“We should get going, or we’ll be late for dinner.” She rushed him.
“Yes. I promised you a date, didn’t I?”
“You did. How fancy do I need to be?”
“Whatever you’re comfortable in.”
She was wearing a light summer’s dress with a cardigan. The nights were getting a bit chilly. He wore his jeans and a black T-shirt. One of his favourites. “Is this ok?” He was a bit insecure.
“Fine.” She kissed him. This is how she preferred seeing him. All himself. She’d never seen him in a suit. However doubted if it would do him justice.
They made their way to the hall. “Ma’am, sir, if you’d follow me.” They were lead through the corridors. Lynn felt Daniel tense up. For the Michelin registered restaurant he was severely underdressed. They turned before they got there. Walking through a somewhat smaller corridor, ending in an elevator.
“This is the private part of the castle. The owner made an exception for the two of you.” The man who lead them explained.
On the top floor they got out again, and after a narrow set of stairs ended up on top of one of the towers.
Daniel couldn’t help but smile widely at seeing it all. Flowers, a beautifully laid dinner table. Candlelight. Soft music playing. Mozart, he recognized it. A passion of both of them.
Her dress, her entire appearance fit in so well. The flowers on the dress matched that of the setting. Her hair, longer than he’d ever seen it, perfectly framed her face. Her beautiful face.
He stepped forward and held out her chair. She sat down, he followed. “The lady has requested that the chef make the menu and choice of wines. I trust you will not be disappointed.”
“I’m sure we will not be.” Daniel was still speechless. He stared at Lynn. “Well, I owed you a date. And since you had already thrown the best musical ones, I’d had to think of something original.”
The waiter poured the wine. “First course will be served in twenty minutes.” He handed Daniel a tablet. “For your music choice sir. We did leave room to dance.” After that he disappeared through the door they had come through.
“May I ask you to dance?”
“Yes, you may. I have to warn you though, this was not part of my plan.” Her warmth touched him deeply. “I’m not that good a dancer. And this body, it’s a new one, I don’t quite know how to handle it yet.”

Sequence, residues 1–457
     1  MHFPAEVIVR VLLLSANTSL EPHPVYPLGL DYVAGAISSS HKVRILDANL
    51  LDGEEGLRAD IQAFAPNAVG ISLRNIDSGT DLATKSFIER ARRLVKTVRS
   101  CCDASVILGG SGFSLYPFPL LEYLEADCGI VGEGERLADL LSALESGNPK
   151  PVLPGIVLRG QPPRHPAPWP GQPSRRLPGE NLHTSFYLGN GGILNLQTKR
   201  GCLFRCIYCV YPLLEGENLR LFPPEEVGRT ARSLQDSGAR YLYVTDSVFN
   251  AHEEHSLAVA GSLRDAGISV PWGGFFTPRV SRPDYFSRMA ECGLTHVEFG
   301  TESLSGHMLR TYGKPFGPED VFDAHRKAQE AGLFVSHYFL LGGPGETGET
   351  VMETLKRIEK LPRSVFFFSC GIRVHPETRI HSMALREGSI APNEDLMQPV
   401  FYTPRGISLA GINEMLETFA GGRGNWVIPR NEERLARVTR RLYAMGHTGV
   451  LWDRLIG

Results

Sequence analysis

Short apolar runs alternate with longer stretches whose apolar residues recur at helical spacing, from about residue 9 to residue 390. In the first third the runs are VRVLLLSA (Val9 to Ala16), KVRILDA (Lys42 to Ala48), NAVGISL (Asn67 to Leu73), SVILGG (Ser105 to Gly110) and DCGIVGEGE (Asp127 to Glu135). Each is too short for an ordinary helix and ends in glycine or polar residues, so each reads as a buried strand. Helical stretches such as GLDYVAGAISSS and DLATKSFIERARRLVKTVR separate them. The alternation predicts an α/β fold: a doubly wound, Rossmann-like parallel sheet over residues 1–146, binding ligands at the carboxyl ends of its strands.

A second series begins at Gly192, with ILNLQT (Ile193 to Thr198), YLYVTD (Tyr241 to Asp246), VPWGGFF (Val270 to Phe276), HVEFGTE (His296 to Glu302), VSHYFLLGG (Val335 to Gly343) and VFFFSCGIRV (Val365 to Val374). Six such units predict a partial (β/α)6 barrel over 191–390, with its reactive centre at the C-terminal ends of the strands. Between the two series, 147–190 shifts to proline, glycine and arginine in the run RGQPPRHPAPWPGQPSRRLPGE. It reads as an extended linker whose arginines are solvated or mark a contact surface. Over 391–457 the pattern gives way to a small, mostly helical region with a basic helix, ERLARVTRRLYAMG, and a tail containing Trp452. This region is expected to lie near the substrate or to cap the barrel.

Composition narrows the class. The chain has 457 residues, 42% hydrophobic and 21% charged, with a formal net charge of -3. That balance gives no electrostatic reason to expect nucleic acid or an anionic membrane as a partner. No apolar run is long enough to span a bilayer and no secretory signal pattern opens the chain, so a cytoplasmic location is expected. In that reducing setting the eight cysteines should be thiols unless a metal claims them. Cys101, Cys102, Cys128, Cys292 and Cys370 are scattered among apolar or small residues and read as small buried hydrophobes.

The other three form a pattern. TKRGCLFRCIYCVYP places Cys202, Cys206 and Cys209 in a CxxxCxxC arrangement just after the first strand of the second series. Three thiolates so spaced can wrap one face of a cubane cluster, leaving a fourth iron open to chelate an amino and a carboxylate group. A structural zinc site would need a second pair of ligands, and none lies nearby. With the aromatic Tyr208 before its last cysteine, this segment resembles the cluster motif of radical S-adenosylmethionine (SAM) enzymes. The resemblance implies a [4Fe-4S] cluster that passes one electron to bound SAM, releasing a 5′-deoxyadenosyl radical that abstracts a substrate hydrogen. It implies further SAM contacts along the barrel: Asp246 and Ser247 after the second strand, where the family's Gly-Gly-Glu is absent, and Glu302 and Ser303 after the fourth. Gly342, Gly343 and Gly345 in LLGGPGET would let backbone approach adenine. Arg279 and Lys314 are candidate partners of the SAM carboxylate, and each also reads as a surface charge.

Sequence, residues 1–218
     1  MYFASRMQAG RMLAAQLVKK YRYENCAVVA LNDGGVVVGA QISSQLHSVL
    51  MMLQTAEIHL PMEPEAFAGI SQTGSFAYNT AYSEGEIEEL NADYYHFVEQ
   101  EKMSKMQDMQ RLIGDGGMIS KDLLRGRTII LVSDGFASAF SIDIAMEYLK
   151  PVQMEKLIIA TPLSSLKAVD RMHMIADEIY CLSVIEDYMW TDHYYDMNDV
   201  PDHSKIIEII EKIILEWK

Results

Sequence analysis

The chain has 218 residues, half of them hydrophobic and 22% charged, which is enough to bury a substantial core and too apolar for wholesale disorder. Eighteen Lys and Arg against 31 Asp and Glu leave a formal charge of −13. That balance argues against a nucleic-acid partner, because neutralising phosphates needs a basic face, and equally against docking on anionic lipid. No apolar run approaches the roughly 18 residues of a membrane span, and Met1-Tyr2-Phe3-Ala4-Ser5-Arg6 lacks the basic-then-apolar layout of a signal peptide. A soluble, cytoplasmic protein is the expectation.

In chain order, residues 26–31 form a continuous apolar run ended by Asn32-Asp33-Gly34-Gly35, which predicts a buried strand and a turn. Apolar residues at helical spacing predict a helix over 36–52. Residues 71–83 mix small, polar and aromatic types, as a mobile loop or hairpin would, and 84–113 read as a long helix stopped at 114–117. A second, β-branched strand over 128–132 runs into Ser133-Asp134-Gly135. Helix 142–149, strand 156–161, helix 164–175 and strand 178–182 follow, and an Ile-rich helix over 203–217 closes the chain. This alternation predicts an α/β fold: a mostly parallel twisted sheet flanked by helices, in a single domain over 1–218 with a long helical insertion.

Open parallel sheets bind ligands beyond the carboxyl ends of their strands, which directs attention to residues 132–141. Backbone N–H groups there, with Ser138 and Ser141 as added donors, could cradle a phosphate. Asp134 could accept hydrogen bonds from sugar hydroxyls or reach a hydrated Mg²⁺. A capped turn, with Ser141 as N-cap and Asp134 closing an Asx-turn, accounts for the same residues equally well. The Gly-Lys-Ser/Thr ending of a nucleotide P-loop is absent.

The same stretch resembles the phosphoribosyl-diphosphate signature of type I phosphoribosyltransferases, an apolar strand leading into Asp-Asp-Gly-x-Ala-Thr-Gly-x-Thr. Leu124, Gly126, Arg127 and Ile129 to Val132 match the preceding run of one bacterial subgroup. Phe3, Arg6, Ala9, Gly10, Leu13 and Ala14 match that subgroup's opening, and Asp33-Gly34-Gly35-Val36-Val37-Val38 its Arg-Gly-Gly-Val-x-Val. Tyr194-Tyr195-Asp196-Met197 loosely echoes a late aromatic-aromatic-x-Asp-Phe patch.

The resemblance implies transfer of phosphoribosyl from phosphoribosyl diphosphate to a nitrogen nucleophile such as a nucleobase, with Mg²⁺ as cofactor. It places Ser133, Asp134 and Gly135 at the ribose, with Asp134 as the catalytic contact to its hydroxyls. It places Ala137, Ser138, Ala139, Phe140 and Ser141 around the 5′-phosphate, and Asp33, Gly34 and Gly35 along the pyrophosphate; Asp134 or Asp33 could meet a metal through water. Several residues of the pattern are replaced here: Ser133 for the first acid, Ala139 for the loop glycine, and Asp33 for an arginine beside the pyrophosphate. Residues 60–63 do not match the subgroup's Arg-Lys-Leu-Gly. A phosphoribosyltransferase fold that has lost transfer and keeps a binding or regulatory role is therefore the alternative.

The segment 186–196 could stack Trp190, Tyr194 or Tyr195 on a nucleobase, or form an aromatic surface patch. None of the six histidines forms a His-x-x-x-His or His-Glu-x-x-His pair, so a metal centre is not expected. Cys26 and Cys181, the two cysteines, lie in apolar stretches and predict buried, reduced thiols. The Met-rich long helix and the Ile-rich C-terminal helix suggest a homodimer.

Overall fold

“I’m sure we’ll be fine.” He got up, took her hand. “If you’ll let me lead.”
“I hadn’t taken you for a dancer.”
“I had a proper English upbringing. Of course I dance. Besides, my first girlfriend was a ball room dancer.”
Lynn threw her head back in a laugh. Daniel had to keep himself from kissing her exposed neck. She was so sexy.
“How can I ever compete with all those incredibly beautiful women?”
“You can’t. Because they can never come anywhere near you. You’re the most beautiful and most real of them all. I think I’ll keep you.” Before she could answer, he pulled her into a turn. She followed flawless. She loved how her body responded to his.
So here it is. My #AskLinnie blog post thingy in honour of getting to 555 followers on Twitter. Not that many questions, but I’m more than ok with that. There are a few non-bookish questions and a few book-and-writing ones.
Hope you’ll find the answers as nice as surprising. It felt good to be able to say things in more than 140 characters for once. Maybe I should do this more often. Or maybe not.
Star Trek or Star Wars? (This is a very important question, take your time.)
Ehm… I think I’m going to have to turn in my geek-card over this one. I’m not a big fan of either one. I really don’t watch TV all that much. If you would twist my arm, I’d probably say Star Trek. I like the more human story lines in that. There have been times when it appeared to be all there was on the telly. So I did catch quite a few episodes of it. I never actually sat down to watch a Star Wars movie, but Husband has watched some (all?) of them in my presence, so have seen a parts those. Couldn’t really get into it.
I’m not into big bombast movies that value special effects over the human interaction and growth arcs. There you have it. Geek ungeeked.( More questions answered...click here.Collapse )
This week work is making me do a two-day training. Fire training. I have refused, I have pleaded, I’ve tried my invisibility cloak. There’s no getting around it any longer.
There are a few obvious reasons I’m dreading this. I’m scared to death of fire. I’m physically unfit for the job. I tend to turn off when there are too many things needing my attention at the same time.
And some less obvious reasons I’m not liking this: It’s a training. Two days. In a classroom. With others.
My past scholastic career has given me every reason to dread this. Elementary school: Bullied. High School: Flunked. Nurse’s Training: Flunked.
I just don’t do the daytime-group-thing very well. I tend to get bored and cause mayhem. Or the energy of a group of people in an enclosed space is going to overwhelm me. I get exhausted and shut down. Yup, textbook gifted and over-excitable underachiever. Nothing new so far.